Another key concept is that deleted data, or parts thereof, may be recoverable. Generally speaking, when data is deleted it is not physically wiped from the system but rather only a reference to the location of the data (on a hard disk or other medium) is removed. Thus the data may still be present but the operating system of the computer no longer "knows" about it. By imaging and examining all of the data on a disk, rather than just the parts known to the operating system, it may be possible to recover data which has been accidentally or purposefully deleted.
EnCase, from Guidance Software, is a fully-featured commercial software package which enables an investigator to image and examine data from hard disks, removable media (such as floppy disks and CDs) and even Palm PDAs (Personal Digital Assistants). Many law enforcement groups throughout the world use EnCase and this can be an important factor for forensic investigators to consider where there is a possibility that an investigation may be handed over to the police or used in a court of law.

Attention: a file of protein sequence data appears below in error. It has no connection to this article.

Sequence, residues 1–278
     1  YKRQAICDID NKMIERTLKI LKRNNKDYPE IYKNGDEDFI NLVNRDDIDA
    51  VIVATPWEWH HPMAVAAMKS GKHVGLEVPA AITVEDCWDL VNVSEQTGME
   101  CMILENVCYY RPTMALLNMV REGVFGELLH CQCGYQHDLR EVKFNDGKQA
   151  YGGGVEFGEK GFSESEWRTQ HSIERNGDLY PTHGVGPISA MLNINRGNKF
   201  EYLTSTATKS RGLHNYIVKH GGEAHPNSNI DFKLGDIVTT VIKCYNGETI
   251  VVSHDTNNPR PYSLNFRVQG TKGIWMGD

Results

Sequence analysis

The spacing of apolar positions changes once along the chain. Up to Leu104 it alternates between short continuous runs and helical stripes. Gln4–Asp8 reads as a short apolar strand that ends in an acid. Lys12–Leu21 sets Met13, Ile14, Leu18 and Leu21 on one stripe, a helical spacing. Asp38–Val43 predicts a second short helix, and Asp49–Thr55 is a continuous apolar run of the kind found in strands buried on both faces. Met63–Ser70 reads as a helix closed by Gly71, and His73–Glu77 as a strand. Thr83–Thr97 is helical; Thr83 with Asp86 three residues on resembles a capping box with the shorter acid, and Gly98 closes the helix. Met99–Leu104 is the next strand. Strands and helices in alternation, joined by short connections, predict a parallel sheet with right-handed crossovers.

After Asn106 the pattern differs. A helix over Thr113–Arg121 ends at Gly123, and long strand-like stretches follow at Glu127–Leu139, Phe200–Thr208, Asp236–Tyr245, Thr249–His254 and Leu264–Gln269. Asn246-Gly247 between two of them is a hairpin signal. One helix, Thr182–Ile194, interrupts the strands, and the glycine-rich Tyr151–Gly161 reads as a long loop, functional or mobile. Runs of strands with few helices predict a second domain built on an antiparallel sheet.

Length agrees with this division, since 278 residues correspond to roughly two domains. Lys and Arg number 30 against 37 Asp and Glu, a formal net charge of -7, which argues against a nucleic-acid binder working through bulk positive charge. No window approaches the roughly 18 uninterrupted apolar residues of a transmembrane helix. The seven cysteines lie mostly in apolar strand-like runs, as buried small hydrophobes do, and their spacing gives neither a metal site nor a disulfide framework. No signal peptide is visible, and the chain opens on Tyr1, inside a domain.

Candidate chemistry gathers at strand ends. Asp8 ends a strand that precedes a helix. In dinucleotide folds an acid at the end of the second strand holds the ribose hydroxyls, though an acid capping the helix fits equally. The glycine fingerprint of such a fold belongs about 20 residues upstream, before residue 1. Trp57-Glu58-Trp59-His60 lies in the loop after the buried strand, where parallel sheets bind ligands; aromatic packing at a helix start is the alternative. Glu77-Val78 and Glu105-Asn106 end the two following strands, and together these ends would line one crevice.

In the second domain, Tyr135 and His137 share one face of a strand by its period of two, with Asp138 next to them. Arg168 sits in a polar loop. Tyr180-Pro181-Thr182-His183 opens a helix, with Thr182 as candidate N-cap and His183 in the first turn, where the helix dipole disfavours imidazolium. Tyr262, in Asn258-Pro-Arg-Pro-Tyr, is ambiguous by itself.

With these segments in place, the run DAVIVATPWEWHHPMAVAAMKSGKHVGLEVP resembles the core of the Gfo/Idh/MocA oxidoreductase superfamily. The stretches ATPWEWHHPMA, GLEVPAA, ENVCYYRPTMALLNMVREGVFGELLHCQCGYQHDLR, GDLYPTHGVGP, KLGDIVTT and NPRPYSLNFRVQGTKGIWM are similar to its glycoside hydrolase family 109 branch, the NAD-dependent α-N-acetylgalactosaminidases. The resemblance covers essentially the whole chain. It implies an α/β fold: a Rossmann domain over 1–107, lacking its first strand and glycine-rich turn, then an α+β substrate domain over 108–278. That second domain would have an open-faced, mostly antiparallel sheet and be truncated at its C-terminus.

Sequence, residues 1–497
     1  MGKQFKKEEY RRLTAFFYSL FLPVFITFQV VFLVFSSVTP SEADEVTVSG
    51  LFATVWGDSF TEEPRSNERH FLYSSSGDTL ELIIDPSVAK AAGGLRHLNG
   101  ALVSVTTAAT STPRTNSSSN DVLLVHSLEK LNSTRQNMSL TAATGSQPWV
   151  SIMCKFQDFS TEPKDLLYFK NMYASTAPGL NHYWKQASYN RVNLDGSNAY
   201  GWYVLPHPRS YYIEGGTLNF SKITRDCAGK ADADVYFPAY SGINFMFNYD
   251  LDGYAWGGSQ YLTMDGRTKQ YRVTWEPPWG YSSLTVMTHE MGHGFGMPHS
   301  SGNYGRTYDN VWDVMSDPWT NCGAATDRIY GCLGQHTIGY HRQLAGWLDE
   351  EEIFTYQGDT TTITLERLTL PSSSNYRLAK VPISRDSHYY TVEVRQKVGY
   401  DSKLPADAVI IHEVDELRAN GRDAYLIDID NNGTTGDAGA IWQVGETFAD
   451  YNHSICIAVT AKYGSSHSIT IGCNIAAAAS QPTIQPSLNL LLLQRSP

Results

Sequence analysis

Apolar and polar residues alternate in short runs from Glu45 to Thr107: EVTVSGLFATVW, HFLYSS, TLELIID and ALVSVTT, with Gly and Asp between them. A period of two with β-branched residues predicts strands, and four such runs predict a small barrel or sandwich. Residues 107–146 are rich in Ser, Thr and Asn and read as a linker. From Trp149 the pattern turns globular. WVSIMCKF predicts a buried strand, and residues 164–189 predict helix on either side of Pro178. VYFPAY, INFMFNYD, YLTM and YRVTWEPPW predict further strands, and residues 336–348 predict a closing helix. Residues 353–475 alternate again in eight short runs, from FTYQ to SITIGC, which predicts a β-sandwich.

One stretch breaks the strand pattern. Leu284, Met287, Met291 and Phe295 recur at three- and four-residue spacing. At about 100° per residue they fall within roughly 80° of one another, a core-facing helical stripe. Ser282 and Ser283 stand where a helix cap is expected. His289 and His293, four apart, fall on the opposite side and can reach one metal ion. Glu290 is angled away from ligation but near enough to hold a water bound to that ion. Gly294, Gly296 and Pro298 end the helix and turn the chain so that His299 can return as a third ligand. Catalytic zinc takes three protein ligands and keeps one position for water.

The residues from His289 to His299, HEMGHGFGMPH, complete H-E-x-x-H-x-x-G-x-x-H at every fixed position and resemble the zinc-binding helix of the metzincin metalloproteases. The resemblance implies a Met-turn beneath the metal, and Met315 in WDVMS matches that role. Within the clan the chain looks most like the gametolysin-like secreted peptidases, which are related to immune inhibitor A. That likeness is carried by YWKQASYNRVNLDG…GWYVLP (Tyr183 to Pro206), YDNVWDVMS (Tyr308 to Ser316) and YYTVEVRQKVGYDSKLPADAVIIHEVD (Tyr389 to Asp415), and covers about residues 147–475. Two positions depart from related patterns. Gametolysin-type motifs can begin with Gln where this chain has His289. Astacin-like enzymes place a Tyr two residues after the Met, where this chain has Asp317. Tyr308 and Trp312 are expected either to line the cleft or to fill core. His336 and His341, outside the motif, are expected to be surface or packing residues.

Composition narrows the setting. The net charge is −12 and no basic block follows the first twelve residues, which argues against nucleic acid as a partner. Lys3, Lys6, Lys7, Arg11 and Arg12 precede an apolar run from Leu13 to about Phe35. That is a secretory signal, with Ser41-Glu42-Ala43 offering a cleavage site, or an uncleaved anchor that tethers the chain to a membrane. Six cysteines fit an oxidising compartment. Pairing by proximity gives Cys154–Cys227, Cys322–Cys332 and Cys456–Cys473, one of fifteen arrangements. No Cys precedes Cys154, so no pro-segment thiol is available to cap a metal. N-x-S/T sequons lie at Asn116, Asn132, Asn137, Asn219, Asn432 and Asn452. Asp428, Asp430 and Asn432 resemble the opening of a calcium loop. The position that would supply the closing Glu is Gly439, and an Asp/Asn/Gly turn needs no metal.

An investigation carried out with EnCase begins by using the software to create an image of the medium in question (e.g. hard disk, floppy disk, CD, PDA). This image, called an Evidence File in EnCase terminology, can be analysed in a variety of ways using the EnCase program, common examples of which might include searching the data for keywords, viewing picture files or examining deleted files.
EnCase is one of the more expensive commercial tools although a discount is available to the law enforcement community. The price does however reflect the broad range of functionality within the package, a good example of which is the eScript scripting language. This simple language allows forensic examiners to write small programs, or scripts, which can perform highly customized searching and filtering of the data which has been imaged.